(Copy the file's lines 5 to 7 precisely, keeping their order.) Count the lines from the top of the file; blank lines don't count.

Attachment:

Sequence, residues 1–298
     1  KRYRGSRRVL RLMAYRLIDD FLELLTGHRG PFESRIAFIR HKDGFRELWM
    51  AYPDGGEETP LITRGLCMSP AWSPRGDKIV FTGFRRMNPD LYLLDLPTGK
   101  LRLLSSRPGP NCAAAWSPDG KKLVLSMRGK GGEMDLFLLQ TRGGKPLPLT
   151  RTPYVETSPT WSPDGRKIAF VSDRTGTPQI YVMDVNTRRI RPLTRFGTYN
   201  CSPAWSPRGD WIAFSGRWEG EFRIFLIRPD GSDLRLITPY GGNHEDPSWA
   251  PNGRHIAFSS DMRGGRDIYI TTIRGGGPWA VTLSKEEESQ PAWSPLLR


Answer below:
   151  RTPYVETSPT WSPDGRKIAF VSDRTGTPQI YVMDVNTRRI RPLTRFGTYN
   201  CSPAWSPRGD WIAFSGRWEG EFRIFLIRPD GSDLRLITPY GGNHEDPSWA
   251  PNGRHIAFSS DMRGGRDIYI TTIRGGGPWA VTLSKEEESQ PAWSPLLR